SBJ/January 24 - 30, 2005/Opinion

Steroid policy has promise, if MLB’s union comes along

Baseball’s half-a-loaf steroid policy is the product of many bakers. Credit for the long-overdue change is due to MLB Commissioner Bud Selig, politicians such as President Bush and Sen. John McCain, and players who see the risks that performance-enhancing drugs pose to the integrity of the game and to their own health.

It’s significant that the steroid-testing policy was negotiated by the commissioner’s office and the players’ union outside the established collective-bargaining process. The MLBPA is the strongest and most aggressive union in U.S. sports, and for many years it was inconceivable that the union would make any concession in this style.

That the union agreed, in effect, to reopen the contract is a reflection of player pressure on the issue. While players were leading, the union leadership seemed reluctant to go too far. Critics say the drug ban should be stronger, but union chief Don Fehr was quoted thusly: “I will be surprised if over time this [new policy] doesn’t take care of the problem virtually completely.”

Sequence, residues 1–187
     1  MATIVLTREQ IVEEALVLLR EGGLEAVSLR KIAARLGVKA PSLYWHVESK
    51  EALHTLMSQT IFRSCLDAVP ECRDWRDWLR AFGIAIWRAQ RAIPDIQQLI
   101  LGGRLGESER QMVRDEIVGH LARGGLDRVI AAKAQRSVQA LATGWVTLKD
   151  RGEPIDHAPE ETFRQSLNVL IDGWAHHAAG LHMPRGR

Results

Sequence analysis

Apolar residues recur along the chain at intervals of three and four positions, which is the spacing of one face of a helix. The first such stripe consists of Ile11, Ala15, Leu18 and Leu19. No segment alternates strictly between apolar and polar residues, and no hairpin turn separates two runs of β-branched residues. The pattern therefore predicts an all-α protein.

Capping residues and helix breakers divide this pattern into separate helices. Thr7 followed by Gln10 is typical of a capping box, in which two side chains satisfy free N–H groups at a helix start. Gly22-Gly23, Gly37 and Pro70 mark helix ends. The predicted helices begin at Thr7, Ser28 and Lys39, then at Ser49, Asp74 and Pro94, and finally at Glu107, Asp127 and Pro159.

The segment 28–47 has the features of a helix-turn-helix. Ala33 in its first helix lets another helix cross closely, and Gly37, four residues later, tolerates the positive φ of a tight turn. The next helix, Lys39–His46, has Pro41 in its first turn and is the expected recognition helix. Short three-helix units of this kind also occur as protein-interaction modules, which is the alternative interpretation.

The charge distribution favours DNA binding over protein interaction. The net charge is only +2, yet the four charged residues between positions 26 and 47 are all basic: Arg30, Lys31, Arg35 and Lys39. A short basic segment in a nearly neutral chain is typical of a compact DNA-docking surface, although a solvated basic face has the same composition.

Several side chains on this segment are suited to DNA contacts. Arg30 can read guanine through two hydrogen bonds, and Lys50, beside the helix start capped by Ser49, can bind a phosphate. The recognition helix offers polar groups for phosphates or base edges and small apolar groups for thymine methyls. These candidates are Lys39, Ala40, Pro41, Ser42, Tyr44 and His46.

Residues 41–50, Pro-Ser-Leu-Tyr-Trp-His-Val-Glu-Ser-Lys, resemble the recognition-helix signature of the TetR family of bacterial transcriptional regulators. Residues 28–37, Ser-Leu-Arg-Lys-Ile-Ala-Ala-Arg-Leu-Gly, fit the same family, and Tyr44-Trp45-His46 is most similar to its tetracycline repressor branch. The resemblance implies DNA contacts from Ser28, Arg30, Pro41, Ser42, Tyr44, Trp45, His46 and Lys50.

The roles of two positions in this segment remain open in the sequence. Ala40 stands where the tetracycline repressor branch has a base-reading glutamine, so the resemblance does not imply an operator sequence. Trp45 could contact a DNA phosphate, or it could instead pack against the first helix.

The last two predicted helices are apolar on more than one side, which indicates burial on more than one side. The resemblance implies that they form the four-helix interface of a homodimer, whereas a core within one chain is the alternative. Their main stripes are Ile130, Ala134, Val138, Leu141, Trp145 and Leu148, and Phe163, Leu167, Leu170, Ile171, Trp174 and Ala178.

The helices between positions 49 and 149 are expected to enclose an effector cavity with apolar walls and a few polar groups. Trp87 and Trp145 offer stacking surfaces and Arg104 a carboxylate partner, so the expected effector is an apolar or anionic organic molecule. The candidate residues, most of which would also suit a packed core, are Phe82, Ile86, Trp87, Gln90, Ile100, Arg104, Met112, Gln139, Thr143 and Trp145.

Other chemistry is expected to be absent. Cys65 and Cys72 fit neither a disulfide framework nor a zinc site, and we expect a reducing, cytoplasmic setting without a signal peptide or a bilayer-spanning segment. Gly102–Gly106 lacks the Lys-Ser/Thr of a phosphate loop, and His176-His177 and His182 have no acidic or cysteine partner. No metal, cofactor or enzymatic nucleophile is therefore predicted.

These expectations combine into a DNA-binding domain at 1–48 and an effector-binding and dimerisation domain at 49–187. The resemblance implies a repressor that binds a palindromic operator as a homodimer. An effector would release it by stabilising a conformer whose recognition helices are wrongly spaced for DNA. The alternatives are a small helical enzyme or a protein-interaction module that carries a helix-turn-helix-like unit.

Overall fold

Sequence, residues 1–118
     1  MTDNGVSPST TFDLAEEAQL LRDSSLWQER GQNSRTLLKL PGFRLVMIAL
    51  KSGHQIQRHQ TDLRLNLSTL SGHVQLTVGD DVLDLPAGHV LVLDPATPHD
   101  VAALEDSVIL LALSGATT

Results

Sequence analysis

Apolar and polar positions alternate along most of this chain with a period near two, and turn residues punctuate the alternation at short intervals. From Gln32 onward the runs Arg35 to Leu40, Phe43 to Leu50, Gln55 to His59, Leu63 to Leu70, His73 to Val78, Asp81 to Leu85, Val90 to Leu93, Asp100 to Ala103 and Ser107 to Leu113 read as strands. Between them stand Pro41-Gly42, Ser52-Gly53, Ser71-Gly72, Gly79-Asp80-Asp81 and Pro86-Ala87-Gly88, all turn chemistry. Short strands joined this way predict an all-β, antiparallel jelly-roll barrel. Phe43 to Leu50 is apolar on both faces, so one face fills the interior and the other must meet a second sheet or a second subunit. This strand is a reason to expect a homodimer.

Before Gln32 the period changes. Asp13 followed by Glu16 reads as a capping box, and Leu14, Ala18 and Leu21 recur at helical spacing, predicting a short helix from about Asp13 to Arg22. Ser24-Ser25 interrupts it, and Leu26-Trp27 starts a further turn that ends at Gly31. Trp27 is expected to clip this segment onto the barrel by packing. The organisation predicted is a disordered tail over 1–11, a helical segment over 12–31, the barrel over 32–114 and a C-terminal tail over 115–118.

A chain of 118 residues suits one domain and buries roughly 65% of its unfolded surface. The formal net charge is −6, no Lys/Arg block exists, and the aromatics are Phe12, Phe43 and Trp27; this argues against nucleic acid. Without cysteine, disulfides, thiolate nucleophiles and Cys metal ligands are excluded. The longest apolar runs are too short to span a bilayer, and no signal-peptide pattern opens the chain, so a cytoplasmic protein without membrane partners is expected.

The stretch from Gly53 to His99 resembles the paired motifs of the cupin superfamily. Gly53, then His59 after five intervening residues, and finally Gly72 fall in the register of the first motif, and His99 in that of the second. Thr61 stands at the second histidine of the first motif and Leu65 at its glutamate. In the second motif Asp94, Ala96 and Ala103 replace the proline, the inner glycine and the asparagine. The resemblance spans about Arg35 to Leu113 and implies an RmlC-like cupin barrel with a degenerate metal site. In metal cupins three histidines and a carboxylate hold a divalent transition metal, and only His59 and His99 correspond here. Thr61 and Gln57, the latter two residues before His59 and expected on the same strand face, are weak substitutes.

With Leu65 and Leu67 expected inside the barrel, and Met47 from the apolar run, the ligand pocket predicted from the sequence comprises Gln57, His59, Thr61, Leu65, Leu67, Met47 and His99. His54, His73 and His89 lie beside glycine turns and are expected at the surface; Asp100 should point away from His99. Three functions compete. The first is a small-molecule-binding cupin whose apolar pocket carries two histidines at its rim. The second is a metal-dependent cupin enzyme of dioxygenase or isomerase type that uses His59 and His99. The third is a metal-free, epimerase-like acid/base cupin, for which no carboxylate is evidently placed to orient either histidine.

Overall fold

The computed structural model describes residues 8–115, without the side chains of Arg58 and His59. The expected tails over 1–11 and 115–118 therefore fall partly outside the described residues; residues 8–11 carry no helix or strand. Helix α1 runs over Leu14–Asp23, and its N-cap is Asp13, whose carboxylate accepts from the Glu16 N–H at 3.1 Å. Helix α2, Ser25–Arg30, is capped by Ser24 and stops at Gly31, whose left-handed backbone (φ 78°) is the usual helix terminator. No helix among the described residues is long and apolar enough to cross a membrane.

The ability of management and the union to come together on a steroid policy suggests it may be possible for the two sides to compromise on other matters for the good of the game. But the foot-dragging by the union leadership suggests it won’t be easy.

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